A lot of salespeople will be familiar with the idea that sales is about three things - a positive attitude, clever sales techniques and working through the numbers.
Every day we put on our sales hat and apply an empathic and upbeat approach in our attitude to our customers.We develop and practice slick sales skills to connect with the customer, identify what they need and lead a conversation to the sale or positive outcome.
We work through the process of prospecting, presenting and managing the sale in order to bring it to a close. Yet, how many of us have figured out exactly how many leads we need?
Sales pipelines will differ in their numbers and steps depending on the company, industry or even individuals and several other factors. It may vary based on the product or service they are selling, the cost and level of complexity, the sales person’s ability and experience, the reputation of the company, the demand in the marketplace and the level of competition in the market.
Typically, we begin with a list of companies we want to target. Once we start communicating with these people, some of them will fall away. Others will look for further information and become warm prospects. Further calls, product demonstrations or meetings will happen with many moving to the quotation stage.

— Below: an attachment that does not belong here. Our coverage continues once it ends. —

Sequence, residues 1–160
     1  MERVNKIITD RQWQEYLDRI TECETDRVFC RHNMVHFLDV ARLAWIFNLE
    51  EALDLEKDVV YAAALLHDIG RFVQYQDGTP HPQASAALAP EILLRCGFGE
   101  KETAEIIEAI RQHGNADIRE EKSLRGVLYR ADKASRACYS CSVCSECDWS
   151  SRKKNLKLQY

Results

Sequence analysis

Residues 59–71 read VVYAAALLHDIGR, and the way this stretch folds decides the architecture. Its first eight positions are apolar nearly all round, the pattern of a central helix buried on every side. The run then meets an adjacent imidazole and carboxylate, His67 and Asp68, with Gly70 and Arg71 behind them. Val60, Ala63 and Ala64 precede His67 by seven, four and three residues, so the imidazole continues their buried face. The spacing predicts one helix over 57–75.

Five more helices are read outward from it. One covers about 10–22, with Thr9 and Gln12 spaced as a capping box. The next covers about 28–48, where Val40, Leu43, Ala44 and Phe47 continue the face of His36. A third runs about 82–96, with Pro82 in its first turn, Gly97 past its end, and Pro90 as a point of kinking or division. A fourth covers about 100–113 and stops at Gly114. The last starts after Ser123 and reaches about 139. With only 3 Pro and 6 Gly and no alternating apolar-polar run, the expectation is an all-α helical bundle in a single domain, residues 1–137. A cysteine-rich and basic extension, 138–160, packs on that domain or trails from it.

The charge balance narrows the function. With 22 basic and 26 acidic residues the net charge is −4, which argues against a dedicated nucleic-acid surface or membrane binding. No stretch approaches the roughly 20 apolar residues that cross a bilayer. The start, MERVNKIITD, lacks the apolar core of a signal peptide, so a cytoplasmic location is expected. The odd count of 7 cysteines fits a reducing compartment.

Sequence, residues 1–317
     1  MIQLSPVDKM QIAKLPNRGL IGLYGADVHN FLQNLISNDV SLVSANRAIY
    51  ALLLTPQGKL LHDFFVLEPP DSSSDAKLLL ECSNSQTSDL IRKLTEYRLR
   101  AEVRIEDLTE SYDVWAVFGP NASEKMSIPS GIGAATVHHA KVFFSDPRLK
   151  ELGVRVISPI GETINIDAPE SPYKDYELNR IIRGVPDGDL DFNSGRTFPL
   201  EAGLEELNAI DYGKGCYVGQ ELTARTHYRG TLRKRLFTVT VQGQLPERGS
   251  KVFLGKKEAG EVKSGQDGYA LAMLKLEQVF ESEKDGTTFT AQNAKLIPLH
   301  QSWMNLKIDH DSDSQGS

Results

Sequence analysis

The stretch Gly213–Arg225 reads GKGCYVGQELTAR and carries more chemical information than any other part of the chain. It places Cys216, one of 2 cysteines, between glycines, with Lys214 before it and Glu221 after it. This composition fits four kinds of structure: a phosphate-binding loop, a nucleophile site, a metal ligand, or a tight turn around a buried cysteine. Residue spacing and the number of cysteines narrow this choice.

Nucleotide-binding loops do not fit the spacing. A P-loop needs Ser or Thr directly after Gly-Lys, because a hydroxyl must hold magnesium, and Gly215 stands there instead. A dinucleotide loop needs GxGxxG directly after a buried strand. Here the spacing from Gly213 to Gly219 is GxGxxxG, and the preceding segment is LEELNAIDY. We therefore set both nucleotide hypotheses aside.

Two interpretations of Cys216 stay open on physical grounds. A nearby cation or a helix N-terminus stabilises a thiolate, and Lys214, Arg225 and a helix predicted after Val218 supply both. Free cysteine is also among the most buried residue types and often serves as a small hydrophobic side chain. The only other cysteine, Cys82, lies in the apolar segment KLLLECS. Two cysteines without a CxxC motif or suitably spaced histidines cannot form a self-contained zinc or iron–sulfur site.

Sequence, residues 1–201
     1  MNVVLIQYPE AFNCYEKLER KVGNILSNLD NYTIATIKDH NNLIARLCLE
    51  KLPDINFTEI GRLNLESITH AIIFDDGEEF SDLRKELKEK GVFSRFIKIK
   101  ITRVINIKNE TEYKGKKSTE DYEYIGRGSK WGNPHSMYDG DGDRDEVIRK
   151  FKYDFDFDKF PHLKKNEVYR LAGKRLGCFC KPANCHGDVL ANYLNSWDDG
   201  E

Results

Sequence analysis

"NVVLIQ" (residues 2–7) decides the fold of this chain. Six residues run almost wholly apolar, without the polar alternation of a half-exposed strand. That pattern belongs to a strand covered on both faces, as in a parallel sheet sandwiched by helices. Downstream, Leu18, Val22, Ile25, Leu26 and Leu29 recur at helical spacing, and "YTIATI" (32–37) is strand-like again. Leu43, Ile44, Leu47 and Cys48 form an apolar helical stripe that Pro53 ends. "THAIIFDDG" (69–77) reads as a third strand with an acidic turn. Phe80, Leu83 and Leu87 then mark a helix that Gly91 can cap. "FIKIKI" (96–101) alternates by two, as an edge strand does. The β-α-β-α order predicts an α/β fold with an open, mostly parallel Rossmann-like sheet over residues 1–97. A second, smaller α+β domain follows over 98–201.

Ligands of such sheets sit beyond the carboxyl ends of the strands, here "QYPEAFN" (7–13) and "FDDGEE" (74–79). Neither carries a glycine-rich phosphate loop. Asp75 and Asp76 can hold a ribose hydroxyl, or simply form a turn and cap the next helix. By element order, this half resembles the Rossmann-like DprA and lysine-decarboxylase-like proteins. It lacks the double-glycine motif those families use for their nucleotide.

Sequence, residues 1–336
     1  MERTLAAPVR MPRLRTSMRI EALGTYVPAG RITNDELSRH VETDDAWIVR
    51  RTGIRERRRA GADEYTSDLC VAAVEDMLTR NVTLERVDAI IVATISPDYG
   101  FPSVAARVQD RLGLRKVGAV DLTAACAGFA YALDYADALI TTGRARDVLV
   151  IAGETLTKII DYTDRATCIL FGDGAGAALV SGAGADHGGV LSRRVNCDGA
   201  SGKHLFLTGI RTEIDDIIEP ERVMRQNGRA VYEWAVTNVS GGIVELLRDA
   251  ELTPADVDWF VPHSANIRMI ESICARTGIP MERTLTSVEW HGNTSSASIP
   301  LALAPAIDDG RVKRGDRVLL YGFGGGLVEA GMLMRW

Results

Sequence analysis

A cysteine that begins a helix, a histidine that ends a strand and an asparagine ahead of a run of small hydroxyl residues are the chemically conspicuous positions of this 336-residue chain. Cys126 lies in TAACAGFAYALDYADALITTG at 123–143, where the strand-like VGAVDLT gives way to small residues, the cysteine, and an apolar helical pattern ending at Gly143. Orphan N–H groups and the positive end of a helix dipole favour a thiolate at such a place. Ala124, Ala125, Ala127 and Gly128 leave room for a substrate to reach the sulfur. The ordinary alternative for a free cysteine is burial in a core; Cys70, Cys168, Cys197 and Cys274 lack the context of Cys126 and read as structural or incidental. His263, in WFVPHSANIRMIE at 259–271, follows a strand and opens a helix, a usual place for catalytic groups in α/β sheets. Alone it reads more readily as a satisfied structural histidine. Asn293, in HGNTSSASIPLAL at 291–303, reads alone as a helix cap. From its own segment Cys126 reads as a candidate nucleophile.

If the potential customer shows a lot of interest in the proposal, we can get carried away and assume that it’s just a matter of getting the lead over the line. And whilst I’m a big believer in being tenacious and optimistic, we need to be realistic too. Even if we get the verbal “yes”, there is no guarantee every promise of a sale will turn into an order.
We need to remember it’s natural to lose leads at the various stages, for many different reasons. There may be people we can’t get hold of at a particular time. Some customers may be busy and if we do get through to talk to them. They may not be in the market right now, or be able to afford our product or service. They might even prefer something else and decide to buy elsewhere. For those genuinely interested, it might be about timing, where they decide to put off the sale and buy later. All of these factors are valid and are just part of the process.
Still, the reality is that we need to pay attention to each step of the pipeline and work out the numbers needed in order to secure a sale. For each point, ask yourself:
- How many leads do we need in order to talk to someone?
- How many conversations we need to get someone interested?
- How many warm prospects do we need to need to find they are in the market right now?
- How many people will get to the quotation stage?
- And finally, how many proposals do we need to get a sale?
Once you familiarise yourself with the numbers you need to secure a sale, keep feeding the numbers and you will have a healthy sales pipeline.